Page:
Monday, March 10, 2014

Valenzuela Brothers, Two Colorado Military Veteran War Heroes Fighting To End Deportation Of U.S. Veterans

Valente Valenzuela and Jesus Manuel Valenzuela-Rodríguez

The Valenzuela brothers have succeeded into making their plight of deported Veterans a national issued that President Obama, his administration, his successor and the Congress can no longer ignore.

By H. Nelson Goodson
March 10, 2014

Colorado Springs, Colorado - Two U.S. War Veteran Heroes, Jesus Manuel Valenzuela-Rodríguez, 59, a retired U.S. Marine Veteran and Valente Valenzuela, 62, a retired U.S. Army Veteran from Colorado who themselves were on the verge of being deported have launched a national debated over war Veteran Heroes and Patriots who have become victims of a failed U.S. Immigration system that deports Veterans whether legal residents after committing minor offenses and minor felonies. In January, both Valenzuela brothers visited the U.S. Deported Veterans Support House located in El Rosarito Beach, Baja California, Mexico and met with two deported Veterans, Hector Barajas and Fabian Rebolledo, who established the first safehouse in Mexico that serves as a model support group for displaced and deported Veterans to Mexico.
The Valenzuela brothers have been fighting for Veterans rights, including an end to deport U.S. Veterans and to bring back the deported Veterans cheated of their Veteran health benefits. Only upon death, the bodies of deported Veterans can be brought back to be buried in the U.S. Shame on President Obama, his administration and Pentagon, including the Veterans Administration, some of the deported Veterans have claimed.
The Valenzuelas who have become advocates for deported Veterans had faced the threat of deportation themselves for misdemeanor crimes, but were granted a stay in the U.S., until their immigration case gets resolved. Their deportation case has been stalled and no further proceedings are scheduled for the Valenzuelas.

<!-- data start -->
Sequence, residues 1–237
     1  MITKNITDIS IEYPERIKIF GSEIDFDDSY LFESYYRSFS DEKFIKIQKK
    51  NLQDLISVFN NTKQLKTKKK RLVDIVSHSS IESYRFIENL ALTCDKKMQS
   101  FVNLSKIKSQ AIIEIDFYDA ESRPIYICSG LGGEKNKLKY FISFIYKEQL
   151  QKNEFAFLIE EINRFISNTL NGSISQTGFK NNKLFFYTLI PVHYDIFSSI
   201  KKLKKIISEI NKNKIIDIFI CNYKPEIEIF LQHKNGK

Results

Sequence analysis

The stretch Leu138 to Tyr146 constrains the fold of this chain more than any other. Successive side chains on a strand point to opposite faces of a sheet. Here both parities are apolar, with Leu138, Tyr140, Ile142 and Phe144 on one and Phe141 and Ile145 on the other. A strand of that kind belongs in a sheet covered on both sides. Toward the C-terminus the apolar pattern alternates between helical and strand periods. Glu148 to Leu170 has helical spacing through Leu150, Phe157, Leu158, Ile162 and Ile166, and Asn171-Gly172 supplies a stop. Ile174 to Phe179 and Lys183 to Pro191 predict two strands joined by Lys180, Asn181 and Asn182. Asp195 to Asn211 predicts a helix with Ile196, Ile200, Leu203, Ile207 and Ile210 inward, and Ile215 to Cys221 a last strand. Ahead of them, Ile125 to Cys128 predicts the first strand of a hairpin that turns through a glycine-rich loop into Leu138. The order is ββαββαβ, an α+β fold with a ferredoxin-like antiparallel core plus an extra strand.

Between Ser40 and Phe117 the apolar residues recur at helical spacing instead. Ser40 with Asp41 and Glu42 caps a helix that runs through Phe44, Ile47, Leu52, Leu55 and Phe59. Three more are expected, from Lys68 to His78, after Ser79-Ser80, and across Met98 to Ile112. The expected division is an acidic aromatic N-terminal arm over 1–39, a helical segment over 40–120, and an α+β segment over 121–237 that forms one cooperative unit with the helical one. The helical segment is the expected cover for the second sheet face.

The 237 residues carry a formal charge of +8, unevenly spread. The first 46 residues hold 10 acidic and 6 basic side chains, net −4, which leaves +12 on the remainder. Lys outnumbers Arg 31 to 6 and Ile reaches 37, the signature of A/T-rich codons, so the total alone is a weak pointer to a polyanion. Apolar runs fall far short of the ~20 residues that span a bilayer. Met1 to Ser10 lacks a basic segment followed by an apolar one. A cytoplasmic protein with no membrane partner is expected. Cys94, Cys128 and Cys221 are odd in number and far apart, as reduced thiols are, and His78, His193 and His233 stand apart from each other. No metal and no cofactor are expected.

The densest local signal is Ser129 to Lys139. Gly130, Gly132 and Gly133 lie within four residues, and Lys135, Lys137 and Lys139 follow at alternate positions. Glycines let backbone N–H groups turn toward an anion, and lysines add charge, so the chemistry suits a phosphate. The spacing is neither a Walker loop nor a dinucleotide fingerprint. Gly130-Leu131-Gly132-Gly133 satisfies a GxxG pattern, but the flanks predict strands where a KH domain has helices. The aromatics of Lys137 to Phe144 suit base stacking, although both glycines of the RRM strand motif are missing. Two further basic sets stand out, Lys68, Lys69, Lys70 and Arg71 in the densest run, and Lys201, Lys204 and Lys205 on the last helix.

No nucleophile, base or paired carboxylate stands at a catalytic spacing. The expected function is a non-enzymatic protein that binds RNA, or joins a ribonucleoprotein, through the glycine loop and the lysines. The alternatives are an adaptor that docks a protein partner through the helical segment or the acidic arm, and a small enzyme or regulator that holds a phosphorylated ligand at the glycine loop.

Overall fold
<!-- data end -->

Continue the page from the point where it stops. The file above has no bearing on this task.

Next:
The Valenzuelas were born in Mexico to a U.S. Citizen mother from New Mexico. Their father was a Mexican national, but later legalized and became a U.S. Citizen. By birth right to a U.S. Citizen in another country, their children born in foreign country become automatically U.S. Citizens, according to federal law.
In 2011, the U.S. Immigration and Customs Enforcement (ICE) figures confirmed that at least 3,000 War Veterans were in process of being deported to their native countries.
On October 13, 2012, a group of U.S. Deported Veterans led by Army Veteran Hector Barajas opened the first U.S. Deported Veterans Support House (Safehouse) in El Rosarito Beach, Baja California, Mexico to help other deported Veterans from the U.S. ajust to being dislocated and facing removal trauma caused by DHS and the U.S. Immigration and Customs Enforcement when separating families.

Deported Veterans Support House video

Donate link to the Deported Veterans Support House Project

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